Immigration has been good for Indiana: Study 

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Indians form the second largest group of immigrants in the state of Indiana. A new study claims that immigration has benefited the state economically and demographically.

The Midwestern state of Indiana, also known as the Crossroads of America, because of the several interstate highways that crisscross it, had traditionally not been one of the most popular immigration destinations in America.

But in the past few years, that has been changing. Indiana’s immigrant population has seen a dramatic increase over the past two decades, with Indians making the second largest group of immigrants to the state after Mexicans.

In an increasingly polarizing political atmosphere, where immigration is often seen as a threat to local job seekers and a strain on social services, a new study conducted statewide goes on to prove a very positive picture of immigration.
The study by the Ball State University’s Center for Business and Economic Research in Muncie reveals that immigration has overall benefitted the state in all social and economic spheres.
The research noted that the influx of immigrants, particularly in the past two decades, has been beneficial in minimizing Indiana’s persistent population loss.

The state saw a 25 percent population growth between 2000-2015 due to immigration.

A reason that anti-immigrant groups always cite for reducing immigration is that be immigrants are not able to assimilate with the locals.
However, the research reveals that this may not be true in the state.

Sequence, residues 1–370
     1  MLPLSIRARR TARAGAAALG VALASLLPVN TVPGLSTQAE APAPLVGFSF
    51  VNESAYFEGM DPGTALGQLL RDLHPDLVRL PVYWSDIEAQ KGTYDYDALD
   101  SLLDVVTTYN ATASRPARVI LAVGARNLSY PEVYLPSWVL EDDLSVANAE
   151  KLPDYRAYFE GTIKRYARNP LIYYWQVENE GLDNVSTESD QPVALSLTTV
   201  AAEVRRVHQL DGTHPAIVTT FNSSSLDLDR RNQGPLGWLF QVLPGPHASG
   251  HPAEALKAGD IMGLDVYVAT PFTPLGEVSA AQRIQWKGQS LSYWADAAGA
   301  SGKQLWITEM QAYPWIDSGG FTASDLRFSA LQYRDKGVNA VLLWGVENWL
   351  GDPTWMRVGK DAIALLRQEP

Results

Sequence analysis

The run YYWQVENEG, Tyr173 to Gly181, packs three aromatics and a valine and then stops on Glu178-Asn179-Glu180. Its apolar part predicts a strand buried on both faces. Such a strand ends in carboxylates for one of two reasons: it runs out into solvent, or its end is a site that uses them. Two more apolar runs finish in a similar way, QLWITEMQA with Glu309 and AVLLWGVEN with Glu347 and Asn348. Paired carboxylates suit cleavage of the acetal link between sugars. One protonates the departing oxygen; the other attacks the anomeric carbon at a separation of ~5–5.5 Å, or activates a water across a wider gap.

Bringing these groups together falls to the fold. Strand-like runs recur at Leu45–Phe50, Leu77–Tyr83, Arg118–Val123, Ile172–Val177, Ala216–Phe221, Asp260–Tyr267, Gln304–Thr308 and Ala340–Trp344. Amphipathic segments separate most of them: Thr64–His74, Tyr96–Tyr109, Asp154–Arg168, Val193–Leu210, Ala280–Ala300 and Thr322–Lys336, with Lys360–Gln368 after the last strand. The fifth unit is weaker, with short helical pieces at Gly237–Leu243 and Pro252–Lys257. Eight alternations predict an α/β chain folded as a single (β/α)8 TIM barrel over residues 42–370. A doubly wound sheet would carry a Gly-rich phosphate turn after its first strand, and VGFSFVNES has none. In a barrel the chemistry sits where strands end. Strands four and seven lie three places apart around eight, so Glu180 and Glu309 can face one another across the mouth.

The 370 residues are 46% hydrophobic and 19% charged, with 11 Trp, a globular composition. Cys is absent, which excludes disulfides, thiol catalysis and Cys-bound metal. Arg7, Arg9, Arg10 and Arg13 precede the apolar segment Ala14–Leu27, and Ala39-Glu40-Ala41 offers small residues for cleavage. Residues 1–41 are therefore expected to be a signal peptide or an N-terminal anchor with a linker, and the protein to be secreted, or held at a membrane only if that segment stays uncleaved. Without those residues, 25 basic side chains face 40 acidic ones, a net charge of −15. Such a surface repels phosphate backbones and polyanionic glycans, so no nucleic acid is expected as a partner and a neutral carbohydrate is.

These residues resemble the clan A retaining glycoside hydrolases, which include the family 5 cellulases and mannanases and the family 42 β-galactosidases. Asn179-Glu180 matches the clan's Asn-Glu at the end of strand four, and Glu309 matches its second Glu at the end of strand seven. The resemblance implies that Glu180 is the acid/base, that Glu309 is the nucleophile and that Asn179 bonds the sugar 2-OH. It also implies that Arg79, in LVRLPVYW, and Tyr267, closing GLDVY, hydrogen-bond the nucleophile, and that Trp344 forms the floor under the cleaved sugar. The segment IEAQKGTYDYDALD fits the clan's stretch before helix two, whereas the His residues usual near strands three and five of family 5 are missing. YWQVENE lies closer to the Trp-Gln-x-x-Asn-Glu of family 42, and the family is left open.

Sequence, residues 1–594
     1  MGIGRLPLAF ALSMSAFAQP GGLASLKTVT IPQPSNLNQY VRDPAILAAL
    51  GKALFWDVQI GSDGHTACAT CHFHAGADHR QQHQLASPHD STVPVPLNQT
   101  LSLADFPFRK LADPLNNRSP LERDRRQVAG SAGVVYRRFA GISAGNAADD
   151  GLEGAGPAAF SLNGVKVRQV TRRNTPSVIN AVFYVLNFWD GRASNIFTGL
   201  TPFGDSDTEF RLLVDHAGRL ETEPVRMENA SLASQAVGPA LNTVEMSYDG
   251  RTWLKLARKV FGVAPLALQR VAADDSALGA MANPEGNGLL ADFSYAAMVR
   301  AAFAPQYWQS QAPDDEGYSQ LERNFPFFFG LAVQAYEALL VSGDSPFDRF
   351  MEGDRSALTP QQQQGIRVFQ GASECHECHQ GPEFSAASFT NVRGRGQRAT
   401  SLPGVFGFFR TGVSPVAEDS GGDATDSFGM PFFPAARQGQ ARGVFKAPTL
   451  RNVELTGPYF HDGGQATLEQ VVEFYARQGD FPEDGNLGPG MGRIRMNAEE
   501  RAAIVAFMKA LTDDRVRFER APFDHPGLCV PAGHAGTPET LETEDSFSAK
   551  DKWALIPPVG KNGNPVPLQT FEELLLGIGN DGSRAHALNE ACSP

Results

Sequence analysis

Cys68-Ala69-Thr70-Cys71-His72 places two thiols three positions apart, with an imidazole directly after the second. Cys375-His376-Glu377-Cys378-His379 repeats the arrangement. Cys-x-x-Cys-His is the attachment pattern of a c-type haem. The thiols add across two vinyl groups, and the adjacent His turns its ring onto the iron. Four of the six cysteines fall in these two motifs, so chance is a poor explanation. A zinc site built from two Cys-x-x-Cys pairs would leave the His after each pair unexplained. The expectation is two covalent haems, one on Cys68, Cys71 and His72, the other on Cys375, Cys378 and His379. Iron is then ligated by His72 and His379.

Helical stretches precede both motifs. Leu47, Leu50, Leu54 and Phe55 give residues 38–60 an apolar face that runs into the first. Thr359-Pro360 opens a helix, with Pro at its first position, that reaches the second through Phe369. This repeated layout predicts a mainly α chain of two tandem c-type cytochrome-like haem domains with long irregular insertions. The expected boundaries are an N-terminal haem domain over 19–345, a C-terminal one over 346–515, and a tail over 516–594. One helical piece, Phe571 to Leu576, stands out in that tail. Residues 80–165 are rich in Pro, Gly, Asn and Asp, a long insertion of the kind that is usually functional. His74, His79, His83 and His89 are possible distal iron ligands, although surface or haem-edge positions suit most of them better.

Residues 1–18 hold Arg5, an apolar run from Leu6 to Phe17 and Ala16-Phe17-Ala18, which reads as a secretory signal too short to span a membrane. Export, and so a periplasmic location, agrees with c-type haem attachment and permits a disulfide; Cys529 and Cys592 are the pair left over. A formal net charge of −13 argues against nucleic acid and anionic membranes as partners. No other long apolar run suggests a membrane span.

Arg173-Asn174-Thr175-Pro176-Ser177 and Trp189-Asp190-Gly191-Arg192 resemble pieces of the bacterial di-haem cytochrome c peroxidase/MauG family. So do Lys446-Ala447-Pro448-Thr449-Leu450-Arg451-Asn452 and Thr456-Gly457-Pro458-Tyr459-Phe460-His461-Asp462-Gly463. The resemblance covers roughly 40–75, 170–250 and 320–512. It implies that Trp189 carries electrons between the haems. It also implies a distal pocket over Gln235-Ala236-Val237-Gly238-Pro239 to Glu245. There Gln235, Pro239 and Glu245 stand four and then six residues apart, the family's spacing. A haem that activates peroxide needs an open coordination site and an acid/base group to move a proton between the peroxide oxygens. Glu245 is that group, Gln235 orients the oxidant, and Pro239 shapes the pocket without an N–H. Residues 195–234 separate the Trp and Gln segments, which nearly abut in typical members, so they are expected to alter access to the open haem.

In terms of education, second-generation immigrants were found to be finishing their grades at a higher rate than their native counterparts.
The second-generation immigrants were also found to be better behaved in schools; they completed their homework on time and got better grades. The study found that overall immigrants may be better educated than the native born.

While 24 percent of the native population had a college degree in 2016, 30 percent of the foreign born had a college degree or a higher qualification.
The report underlined that immigration in Indiana has been fiscally, educationally and demographically beneficial.

Another factor anti-immigrant groups often cite is that immigrants drive down wages and put a strain on public services.

The report found that between 2002 to 2016 there was no established impact on the wages of incumbent workers. The study instead found that better educated workers were , in fact, able to see an increase in their wages. Those with college degrees saw wages increase by $278 per month and those with higher qualification actually saw their wages increase by $414 per month.

The study also found that immigration does not inhibit the native growth opportunities but goes on to add to the economy. The study, though limited to Indiana, does however point to the larger picture of immigration across America and how it may have been misconstrued in recent times.

2 Comments

  1. Ernest Rajendra

    U moron!

  2. This is so bogus. second-generation immigrants were found to be finishing their grades at a higher rate than their native counterparts. Finishing their grades? Second generation are not immigrants. Few of the immigrants have completed high school and most don’t know English.

    The study found that overall immigrants may be better educated than the native born. —–Really how?

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